As the image below shows, base salary is only a part of a role's total compensation. In some cases, a lower salary can be compensated for with a benefits package, including other forms of remuneration, such as bonuses and equity. Each of these elements contributes to the total value of your compensation package, influencing the desirability of your role and the perception of your company's priorities.

Compete for talent based on total compensation packages, not just salary
Compete for talent based on total compensation packages, not just salary

There's no right or wrong way to structure your compensation package; you simply need to choose a combination of benefits that fit the needs of your employees and your company culture.

1. Bonuses

Bonuses are sometimes offered as additional monetary incentives. These can be discretionary or nondiscretionary—either paid as and when the employer deems it appropriate—or specifically incorporated into a contract and paid out in the event of achieving certain milestones.

Common bonuses include:

  • Performance bonuses for achieving set targets
  • Sign-on bonuses for new hires
  • Sales commissions for employees in sales roles

2. Health and Wellness

Health insurance is a key part of most compensation packages and in some instances is mandated by law. In addition to health insurance plans, some companies also choose to offer extra insurance coverage, including:

  • Dental and vision insurance
  • Life insurance
  • Travel insurance

Other forms of health care benefits are growing more popular, including gym memberships and stipends for exercise classes.

3. Time Off

Time away from work is another key part of your compensation package. How you choose to organize time off will vary according to your needs, industry, and corporate culture, but it's common to include some combination of:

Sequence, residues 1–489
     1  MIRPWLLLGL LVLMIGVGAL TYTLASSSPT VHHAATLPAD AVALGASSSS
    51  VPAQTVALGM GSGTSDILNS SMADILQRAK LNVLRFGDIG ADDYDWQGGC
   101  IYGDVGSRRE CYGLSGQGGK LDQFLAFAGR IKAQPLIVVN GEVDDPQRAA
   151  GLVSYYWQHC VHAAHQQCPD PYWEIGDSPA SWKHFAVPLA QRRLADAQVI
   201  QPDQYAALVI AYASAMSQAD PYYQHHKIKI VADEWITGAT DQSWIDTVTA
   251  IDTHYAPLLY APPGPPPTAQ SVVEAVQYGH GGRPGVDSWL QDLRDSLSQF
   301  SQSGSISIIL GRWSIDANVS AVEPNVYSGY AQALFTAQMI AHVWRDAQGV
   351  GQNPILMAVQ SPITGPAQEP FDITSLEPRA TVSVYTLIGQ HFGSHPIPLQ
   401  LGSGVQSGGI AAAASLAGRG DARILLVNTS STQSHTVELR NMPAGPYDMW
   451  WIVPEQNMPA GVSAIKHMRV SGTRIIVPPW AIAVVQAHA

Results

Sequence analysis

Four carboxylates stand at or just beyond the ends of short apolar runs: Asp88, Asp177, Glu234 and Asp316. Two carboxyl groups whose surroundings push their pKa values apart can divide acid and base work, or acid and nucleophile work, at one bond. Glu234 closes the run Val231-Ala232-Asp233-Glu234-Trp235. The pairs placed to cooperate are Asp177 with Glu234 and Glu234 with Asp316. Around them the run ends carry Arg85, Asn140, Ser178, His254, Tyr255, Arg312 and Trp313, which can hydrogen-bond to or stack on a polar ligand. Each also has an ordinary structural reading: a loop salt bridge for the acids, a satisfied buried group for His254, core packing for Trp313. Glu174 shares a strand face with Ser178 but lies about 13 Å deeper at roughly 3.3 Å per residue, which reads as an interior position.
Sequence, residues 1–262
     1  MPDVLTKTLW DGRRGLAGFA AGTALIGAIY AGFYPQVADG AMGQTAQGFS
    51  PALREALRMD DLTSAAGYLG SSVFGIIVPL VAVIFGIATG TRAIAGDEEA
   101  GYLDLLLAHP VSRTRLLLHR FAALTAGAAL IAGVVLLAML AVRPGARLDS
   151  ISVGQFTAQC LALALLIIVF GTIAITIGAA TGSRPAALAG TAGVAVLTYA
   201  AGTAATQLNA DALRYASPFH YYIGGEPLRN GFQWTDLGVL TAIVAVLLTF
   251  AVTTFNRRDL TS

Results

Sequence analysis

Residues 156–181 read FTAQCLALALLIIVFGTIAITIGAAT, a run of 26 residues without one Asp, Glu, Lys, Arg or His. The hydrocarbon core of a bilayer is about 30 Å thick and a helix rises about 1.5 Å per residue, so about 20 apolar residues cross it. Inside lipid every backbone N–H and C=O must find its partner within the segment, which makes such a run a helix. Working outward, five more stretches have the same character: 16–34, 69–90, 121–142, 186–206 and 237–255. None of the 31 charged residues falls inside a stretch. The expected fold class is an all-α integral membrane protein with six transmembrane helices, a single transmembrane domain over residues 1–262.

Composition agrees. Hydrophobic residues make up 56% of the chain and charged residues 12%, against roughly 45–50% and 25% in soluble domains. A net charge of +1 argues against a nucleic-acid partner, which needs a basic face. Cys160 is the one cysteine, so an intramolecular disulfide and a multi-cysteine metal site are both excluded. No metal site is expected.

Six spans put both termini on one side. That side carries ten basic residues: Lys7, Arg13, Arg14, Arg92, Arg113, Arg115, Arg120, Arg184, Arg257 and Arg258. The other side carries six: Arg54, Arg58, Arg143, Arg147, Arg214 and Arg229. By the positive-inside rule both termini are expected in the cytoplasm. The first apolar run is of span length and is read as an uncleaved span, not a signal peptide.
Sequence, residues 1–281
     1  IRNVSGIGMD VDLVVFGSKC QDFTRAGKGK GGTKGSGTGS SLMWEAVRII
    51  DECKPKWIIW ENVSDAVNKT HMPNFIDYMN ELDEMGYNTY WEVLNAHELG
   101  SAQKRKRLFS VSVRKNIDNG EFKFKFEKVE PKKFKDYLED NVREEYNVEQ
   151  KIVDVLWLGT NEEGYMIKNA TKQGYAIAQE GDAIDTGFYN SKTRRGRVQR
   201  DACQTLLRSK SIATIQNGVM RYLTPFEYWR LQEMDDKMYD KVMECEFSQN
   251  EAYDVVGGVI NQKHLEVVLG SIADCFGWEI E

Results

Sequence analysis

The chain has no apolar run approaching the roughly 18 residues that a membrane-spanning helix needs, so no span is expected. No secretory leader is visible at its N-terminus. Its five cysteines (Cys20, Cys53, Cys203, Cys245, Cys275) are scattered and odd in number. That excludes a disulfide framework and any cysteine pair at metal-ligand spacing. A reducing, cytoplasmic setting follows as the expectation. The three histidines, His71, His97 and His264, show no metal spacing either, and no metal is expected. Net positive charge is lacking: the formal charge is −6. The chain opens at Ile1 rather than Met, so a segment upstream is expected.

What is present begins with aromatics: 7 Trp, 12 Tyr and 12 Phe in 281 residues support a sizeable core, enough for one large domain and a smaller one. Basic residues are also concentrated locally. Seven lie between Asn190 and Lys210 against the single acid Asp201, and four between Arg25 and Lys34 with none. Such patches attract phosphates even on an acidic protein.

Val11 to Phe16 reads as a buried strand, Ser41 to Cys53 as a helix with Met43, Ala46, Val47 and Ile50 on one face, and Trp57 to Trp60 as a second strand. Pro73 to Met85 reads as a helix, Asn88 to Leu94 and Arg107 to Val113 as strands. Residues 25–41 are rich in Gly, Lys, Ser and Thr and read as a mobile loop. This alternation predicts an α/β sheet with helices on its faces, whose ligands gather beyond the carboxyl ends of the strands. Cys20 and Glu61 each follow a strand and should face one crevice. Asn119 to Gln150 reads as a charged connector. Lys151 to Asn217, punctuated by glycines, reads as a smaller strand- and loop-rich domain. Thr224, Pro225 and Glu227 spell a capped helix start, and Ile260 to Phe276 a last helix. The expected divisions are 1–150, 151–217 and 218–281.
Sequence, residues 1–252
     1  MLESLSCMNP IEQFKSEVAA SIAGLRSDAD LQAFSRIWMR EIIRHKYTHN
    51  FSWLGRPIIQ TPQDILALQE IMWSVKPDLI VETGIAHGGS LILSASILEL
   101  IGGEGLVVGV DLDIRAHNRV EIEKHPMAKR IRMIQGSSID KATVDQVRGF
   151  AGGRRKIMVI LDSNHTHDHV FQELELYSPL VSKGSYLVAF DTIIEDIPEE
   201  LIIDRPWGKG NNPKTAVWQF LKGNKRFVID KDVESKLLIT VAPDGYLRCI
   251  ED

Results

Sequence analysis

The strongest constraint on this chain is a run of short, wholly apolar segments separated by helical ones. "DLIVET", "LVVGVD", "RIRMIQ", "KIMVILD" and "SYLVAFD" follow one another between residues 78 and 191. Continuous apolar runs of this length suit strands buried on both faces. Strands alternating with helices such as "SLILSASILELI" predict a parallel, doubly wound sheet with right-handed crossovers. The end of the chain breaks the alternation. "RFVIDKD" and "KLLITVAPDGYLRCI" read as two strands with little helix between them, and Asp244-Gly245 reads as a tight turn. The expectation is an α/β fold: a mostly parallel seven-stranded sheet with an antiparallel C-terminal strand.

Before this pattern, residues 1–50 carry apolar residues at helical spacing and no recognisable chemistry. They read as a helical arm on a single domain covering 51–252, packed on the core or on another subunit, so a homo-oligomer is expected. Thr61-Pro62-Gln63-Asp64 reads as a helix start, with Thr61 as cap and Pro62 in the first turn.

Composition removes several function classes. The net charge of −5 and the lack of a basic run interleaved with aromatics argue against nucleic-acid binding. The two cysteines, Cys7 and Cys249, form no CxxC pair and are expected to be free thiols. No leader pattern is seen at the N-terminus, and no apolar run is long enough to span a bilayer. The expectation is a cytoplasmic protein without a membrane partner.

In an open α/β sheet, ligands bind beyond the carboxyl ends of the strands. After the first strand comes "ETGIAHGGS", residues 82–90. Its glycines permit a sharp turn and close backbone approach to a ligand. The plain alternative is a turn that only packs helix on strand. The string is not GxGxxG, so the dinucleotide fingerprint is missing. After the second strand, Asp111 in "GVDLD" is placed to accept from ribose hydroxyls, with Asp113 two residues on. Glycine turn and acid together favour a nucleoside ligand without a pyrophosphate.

• Paid vacation days
  • Paid sick days
  • Personal days
  • Paid company holidays
  • Maternity and paternity leave

4. Equity

Some companies make it possible for employees to own stock in the organization, often through the use of employee stock options (ESOs) or stock bonus plans.

Vesting periods are a common part of many ESOs, designed to reward employees for company loyalty: the total number of share options available to an employee increases with their tenure, offering a financial incentive for employees to stay with their employer for the length of the vesting period.

5. Pension Plans

Many employers offer pension plans in the form of a 401(k), designed to allow employees to make tax-free contributions toward their retirement. In some cases, companies will contribute toward the plan or match their employees' contributions.

How your 401(k) plan is presented to employees will affect how they use it. At Google, researchers were able to increase the total savings employees invested in their 401(k) plans by sending a simple email with a carefully chosen reminder: “You could increase your contribution rate by 1% of your income and get more of the match money for which you’re eligible.”

6. Extra Employee Benefits

When competing companies offer similar salaries, nonmonetary benefits can tip the balance in your favor. As a result, many companies are getting creative with the perks on offer, including:

  • Training and education allowance
  • Onsite child care
  • Food stipends or free on-site catering
  • Flexible working hours or remote work
  • Sabbaticals
  • Company cell phone
  • Company car

Often, additional perks—like food stipends or remote work options—boost the total desirability of a compensation package more than a salary increase does. Research from Glassdoor found that “79% of employees would prefer new or additional benefits to a pay increase.”

A standout compensation package won't stay that way forever. Market rates and job descriptions change regularly, and your total compensation package—both the salary and the benefits on offer—will need to keep pace.

Thankfully, that process doesn't need to be complicated. By understanding your compensation philosophy and using the market rate as a guide, you'll be able to create standout compensation packages for every role, attracting job seekers and rewarding employees alike.

About Hire by Google